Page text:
Researcher part of $7.5 million project to track politically motivated online factions

Nitin Agarwal head shot

Dr. Nitin Agarwal, a University of Arkansas at Little Rock information science professor and highly regarded social media researcher, will collaborate on a five-year $7.5 million project.

The U.S. Department of Defense Office of Naval Research recently awarded the grant to assess and develop new research models to track online groups that have a political focus and agenda. The project is set to start in September.

Agarwal, the Jerry L. Maulden-Entergy Endowed chair at UA Little Rock, was awarded $676,955 under the Multidisciplinary University Research Initiative program for his portion of the project. He will partner with Carnegie Mellon University, University of South Carolina, and University of Pittsburgh.

The project, “Near Real Time Assessment of Emergent Complex Systems of Confederates,” focuses on developing novel approaches to modeling factions and conflict. More specifically, researchers will develop new tools and theories that assess behaviors, motivations, political climate, economic indicators, voting data, and social media posts.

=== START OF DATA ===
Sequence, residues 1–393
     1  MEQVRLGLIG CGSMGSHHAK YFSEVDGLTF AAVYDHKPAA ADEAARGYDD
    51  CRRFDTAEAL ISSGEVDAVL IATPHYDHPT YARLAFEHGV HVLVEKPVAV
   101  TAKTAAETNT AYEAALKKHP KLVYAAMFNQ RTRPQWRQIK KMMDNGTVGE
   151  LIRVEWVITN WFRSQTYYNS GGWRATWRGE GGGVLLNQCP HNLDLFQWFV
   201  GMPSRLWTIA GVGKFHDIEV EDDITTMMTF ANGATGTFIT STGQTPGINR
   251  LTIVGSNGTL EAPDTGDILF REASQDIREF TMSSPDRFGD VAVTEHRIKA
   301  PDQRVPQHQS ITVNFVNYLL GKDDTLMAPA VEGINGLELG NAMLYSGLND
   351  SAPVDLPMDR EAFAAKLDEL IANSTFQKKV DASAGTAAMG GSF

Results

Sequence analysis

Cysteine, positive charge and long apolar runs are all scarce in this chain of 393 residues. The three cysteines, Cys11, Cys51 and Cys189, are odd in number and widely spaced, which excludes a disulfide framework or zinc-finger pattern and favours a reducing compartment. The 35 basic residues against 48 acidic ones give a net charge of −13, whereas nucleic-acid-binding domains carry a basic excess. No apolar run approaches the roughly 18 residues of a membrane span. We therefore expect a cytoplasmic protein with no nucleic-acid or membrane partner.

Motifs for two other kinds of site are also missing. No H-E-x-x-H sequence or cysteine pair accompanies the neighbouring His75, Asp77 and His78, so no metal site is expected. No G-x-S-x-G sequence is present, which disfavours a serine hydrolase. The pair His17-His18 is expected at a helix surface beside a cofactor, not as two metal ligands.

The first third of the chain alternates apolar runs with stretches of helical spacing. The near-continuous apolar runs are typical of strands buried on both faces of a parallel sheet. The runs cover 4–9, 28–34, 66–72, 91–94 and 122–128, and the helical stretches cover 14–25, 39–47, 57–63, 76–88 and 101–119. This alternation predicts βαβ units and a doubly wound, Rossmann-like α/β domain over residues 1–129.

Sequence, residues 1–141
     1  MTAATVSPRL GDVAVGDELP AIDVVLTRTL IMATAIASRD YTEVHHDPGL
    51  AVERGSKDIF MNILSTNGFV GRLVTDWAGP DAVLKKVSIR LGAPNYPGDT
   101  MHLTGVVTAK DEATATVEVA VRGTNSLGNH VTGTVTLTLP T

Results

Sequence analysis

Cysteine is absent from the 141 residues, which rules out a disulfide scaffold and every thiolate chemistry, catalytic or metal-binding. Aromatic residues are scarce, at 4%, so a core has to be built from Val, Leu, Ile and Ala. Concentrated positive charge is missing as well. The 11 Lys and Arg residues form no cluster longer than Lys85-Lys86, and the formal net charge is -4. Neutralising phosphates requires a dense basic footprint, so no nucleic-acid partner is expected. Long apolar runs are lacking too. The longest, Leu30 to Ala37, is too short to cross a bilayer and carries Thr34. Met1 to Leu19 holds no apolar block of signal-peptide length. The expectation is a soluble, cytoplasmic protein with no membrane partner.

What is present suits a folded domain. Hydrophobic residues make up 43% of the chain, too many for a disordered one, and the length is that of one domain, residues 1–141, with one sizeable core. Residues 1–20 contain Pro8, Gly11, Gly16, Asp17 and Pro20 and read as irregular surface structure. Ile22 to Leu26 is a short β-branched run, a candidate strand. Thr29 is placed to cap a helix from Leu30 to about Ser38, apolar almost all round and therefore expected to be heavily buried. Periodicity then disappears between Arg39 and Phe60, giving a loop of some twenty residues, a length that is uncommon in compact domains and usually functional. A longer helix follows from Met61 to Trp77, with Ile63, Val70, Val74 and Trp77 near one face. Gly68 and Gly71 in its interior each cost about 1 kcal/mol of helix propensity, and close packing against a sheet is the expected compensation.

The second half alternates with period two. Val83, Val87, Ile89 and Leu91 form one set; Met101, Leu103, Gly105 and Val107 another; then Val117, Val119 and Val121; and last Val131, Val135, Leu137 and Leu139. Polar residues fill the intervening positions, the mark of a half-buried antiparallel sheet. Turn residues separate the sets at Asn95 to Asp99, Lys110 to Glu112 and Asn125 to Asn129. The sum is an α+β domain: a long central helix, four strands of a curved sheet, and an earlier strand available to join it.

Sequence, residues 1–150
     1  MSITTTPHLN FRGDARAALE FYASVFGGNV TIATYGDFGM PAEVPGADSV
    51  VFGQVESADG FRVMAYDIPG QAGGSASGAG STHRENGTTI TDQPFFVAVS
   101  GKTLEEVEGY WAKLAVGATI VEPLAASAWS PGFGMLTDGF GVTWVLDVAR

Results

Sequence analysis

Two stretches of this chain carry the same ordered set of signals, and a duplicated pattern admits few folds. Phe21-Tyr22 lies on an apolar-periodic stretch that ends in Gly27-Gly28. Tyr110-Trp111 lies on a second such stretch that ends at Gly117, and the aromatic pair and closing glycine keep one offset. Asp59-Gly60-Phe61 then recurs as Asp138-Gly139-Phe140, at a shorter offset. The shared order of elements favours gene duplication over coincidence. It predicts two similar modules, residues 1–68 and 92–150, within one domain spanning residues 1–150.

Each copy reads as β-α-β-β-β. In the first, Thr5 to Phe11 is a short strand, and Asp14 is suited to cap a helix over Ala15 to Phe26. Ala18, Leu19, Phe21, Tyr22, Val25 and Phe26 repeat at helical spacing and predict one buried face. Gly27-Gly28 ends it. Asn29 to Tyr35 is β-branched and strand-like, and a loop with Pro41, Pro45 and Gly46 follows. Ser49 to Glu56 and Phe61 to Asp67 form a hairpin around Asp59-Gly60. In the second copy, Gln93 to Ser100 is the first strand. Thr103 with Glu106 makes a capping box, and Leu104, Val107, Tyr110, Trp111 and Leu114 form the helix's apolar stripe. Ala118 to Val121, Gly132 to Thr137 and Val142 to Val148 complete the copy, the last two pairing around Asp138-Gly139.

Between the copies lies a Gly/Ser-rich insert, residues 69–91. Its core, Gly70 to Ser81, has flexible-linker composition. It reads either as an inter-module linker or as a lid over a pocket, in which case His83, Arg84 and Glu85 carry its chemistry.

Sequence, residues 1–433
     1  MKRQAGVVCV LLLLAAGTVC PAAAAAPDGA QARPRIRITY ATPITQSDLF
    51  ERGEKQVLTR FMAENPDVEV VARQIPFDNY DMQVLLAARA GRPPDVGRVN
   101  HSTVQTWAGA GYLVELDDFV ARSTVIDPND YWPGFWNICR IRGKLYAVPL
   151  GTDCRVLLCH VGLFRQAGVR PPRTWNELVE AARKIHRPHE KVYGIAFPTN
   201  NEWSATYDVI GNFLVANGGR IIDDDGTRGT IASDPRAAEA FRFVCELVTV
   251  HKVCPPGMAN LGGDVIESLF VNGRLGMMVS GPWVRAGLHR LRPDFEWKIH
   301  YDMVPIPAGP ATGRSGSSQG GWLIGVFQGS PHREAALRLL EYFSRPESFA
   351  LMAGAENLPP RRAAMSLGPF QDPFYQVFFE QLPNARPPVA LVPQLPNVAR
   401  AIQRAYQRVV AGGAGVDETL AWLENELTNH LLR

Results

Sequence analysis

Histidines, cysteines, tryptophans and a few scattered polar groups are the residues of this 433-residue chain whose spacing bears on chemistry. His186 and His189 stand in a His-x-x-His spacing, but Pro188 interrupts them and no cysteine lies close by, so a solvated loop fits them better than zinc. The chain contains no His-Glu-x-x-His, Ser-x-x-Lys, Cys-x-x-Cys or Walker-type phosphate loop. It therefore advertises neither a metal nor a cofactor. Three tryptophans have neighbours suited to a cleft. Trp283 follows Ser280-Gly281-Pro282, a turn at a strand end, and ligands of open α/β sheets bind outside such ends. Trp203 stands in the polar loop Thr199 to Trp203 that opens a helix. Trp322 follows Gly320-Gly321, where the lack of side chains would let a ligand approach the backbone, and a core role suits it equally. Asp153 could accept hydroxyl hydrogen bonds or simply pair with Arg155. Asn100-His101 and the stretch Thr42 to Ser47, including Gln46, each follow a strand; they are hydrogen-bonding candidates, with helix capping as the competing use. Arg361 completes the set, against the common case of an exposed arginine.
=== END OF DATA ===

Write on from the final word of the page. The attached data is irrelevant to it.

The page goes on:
By collecting and analyzing this information, researchers will be able to assess underlying narratives of groups and construct forecasts that provide situation awareness for a region affected by political unrest, conflict, and hostility.

Agarwal will focus on analyzing blogs and YouTube videos. Because blogs are not as organized as other social media sites, he will use cyber forensic tools to detect invisible connections among those sites, such as IP addresses and web tracking codes.

He and his UA Little Rock team, COSMOS – the Collaboratorium for Social Media and Online Behavioral Studies, will advance socio-computational research on group dynamics to identify coordinating factions. These factions, which could be considered the backbone of politically motivated groups, are fundamental to understanding groups’ resilience.

Similar preliminary research conducted by Agarwal and his team on identifying key network subcomponents was successfully used to track pro-ISIS Twitter groups.

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